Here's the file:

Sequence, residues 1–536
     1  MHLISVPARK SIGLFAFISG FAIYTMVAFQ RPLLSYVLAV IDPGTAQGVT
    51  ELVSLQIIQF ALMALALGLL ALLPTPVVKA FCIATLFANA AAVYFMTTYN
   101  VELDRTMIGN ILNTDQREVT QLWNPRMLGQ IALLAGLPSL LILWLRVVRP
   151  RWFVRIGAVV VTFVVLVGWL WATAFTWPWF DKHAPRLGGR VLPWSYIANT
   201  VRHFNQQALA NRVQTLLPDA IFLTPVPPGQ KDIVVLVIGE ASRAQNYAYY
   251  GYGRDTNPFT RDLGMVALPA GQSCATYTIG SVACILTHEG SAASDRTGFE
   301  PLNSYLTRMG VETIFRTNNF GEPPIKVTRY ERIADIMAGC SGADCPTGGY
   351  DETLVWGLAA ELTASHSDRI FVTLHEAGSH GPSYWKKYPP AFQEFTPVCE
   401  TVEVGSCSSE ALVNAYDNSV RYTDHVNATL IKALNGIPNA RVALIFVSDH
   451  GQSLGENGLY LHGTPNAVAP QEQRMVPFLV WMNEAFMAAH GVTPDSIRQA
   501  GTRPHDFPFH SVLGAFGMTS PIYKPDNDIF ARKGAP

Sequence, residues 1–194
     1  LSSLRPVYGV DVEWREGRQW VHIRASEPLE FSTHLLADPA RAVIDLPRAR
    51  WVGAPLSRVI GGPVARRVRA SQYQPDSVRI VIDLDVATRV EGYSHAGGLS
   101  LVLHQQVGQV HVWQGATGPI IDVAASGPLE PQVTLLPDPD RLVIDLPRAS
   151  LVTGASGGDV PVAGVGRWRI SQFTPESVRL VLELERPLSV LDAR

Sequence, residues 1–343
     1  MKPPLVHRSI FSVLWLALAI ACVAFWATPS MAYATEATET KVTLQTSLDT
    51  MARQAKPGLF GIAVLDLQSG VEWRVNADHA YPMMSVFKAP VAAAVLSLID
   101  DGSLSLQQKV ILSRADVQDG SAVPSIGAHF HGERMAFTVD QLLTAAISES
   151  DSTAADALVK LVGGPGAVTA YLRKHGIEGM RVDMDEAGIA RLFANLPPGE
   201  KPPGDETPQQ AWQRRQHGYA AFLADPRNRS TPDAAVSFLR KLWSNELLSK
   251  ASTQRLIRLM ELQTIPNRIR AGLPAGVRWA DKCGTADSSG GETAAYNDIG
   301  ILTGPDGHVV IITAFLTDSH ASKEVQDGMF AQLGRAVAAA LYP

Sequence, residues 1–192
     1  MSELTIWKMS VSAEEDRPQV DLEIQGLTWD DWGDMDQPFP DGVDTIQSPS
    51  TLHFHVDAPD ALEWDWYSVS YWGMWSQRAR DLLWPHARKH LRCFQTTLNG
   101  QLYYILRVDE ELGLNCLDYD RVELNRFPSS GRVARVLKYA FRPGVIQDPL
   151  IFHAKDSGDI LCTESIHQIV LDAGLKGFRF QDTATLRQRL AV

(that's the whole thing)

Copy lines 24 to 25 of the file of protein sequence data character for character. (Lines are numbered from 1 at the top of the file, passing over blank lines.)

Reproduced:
   251  ASTQRLIRLM ELQTIPNRIR AGLPAGVRWA DKCGTADSSG GETAAYNDIG
   301  ILTGPDGHVV IITAFLTDSH ASKEVQDGMF AQLGRAVAAA LYP